# Some Aerofoil Characteristics

The NACA series of aerofoils was introduced in Chapter 4. In this appendix, we examine three of these aerofoils in more detail and look at the ways in which changes in cross-sectional shape, particularly camber and thickness distribution, influence their performance. In each case, the aerofoil section is shown, together with a typical distribution of pressure around the lifting sec­tion, the variation of lift with angle of attack and the variation of section drag with lift. The lift and drag are plotted in coefficient form (Chapters 1 and 3). For the pressure distribution, a coefficient form is also used. The pressure coefficient is defined as the local pressure on the aerofoil surface minus the ambient pressure divided by the dynamic pressure (p. 12). Negative pressure coefficients are plotted upwards, so that the upper surface of the aerofoil appears as the upper line on the graph.

The first aerofoil, the NACA 0012 (Fig. A.1), is a 12 per cent thick symmet­rical ‘4 digit’ series aerofoil. It is commonly used for tail surfaces and for wind – tunnel test models. It is also used as the wing section on a number of aircraft including the Cessna 152. This is a popular light general aviation aircraft and the NACA 0012 is used for the outboard wing section. From the graph of lift coefficient against angle of attack for this aerofoil, it can be seen that there is a sharp stall at about 15° angle of attack. The pressure distribution also shows quite a sharp suction peak on the upper surface.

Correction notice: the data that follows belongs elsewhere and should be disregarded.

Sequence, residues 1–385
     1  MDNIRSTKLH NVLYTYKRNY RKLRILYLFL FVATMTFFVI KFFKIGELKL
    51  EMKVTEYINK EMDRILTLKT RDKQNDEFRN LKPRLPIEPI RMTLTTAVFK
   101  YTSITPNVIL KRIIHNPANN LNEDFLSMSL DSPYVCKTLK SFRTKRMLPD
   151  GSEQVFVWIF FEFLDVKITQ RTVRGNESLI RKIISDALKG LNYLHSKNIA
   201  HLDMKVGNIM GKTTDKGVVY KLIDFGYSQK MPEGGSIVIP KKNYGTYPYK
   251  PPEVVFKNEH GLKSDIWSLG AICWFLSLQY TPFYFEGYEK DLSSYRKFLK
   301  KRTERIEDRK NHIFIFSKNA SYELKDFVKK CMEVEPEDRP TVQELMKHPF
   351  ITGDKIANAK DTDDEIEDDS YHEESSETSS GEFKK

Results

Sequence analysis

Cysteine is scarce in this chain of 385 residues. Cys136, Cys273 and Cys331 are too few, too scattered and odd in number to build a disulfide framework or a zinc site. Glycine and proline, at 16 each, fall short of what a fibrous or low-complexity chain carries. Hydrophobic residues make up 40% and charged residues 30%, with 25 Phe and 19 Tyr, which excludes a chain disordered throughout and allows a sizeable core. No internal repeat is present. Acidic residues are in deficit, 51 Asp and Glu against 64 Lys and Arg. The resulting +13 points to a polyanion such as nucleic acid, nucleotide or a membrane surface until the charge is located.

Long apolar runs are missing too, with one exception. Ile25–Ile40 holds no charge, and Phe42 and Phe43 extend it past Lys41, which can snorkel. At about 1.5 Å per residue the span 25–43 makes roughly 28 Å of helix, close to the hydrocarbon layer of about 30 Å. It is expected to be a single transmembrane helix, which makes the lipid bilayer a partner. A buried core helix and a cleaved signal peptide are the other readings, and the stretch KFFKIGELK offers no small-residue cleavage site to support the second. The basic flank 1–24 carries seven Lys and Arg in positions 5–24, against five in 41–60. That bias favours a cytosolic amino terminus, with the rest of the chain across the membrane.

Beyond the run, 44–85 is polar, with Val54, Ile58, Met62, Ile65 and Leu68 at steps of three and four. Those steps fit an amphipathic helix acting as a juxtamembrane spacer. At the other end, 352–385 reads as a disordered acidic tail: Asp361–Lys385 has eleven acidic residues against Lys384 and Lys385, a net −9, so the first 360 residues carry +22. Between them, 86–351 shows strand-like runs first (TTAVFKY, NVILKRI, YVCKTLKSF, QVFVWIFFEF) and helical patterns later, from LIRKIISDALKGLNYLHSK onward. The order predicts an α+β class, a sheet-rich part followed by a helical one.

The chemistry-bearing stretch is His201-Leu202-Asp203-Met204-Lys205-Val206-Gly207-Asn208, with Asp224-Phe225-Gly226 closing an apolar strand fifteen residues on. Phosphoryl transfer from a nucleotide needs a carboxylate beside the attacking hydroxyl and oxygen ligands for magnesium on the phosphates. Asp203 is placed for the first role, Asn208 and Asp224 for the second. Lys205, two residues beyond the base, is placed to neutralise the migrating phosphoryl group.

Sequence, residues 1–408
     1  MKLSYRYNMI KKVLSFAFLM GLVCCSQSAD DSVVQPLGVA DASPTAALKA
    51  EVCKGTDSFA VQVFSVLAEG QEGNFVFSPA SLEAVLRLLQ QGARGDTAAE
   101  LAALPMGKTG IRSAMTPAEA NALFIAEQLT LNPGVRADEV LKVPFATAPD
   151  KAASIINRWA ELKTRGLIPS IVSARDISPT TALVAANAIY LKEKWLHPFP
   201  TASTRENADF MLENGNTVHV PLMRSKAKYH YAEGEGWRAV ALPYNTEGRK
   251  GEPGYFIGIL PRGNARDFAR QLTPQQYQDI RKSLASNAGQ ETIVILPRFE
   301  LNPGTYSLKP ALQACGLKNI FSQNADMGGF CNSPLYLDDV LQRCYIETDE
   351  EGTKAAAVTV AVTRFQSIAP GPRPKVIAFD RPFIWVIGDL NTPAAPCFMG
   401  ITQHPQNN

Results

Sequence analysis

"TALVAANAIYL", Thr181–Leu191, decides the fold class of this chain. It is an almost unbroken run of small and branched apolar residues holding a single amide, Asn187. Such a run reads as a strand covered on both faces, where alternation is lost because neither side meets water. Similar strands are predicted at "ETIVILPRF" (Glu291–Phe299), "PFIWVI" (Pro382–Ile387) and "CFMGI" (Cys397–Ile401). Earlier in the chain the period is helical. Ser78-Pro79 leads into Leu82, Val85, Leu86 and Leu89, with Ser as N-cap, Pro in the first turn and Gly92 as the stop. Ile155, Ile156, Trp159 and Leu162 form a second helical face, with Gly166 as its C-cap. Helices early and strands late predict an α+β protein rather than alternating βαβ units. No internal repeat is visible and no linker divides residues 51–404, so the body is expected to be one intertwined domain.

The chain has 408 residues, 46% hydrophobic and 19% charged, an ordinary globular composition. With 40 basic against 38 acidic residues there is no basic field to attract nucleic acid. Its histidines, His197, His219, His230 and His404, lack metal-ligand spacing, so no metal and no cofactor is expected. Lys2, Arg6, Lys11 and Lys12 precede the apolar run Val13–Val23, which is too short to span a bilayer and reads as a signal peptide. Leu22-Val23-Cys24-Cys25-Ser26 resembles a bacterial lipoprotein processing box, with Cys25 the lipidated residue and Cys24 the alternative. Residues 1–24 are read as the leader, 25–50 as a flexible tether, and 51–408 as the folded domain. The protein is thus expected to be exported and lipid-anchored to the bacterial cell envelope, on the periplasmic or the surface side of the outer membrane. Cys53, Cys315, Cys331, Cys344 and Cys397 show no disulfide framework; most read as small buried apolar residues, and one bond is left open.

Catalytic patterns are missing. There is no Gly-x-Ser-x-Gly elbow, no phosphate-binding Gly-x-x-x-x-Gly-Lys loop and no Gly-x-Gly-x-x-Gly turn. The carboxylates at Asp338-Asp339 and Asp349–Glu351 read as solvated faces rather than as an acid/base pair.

The second aerofoil, the NACA 2214 (Fig. A.2), is used on the centre wing section of the Cessna 152. With a 14 per cent thickness/chord ratio, it is slightly thicker than the NACA 0012 and has some camber. The effect of the camber is evident in the positive lift coefficient that is seen at zero angle of attack. Minimum drag is obtained at a lift coefficient of approximately 0.2, rather than 0.0 for the NACA 0012. The drag is, however, higher for this thicker cambered section and the stall is somewhat more gentle.

The final aerofoil, the NACA 6618 (Fig. A.3), is one of the ‘low drag’ 6 series and is used on the Phantom supersonic fighter. Only the low speed char­acteristics are given here. This aerofoil was designed using a so-called ‘inverse method’. The pressure distribution on the upper surface was chosen to be as flat as possible at a particular ‘design’ lift coefficient and the resulting cross­section was then determined. The flat top surface pressure distribution allows a laminar boundary layer to be maintained over much of the surface, leading to a reduced drag. The laminar layer can be maintained over a small range of angle of attack, either side of the angle of attack at the design lift coefficient, resulting in the typical ‘laminar bucket’ drag variation which is seen in the graph of drag coefficient plotted against lift coefficient. The position of max­imum thickness on this aerofoil is further aft than on either the NACA 0012 or the NACA 2214. This leads to a much gentler acceleration of the air near the front of the aerofoil and the absence of the associated suction peak that pro­motes the transition to a turbulent boundary layer. The data are for a Reynolds Number of 6 x 106.

Angle of attack (degrees)

c) Variation of lift with angle of d) Variation of drag with lift attack

Fig. A.1 NACA 0012

c) Variation of lift with angle of attack

Fig. A.2 NACA 2214

a) Aerofoil section

Angle of attack (degrees)

c) Variation of lift with angle of attack

Fig. A.3 NACA 6618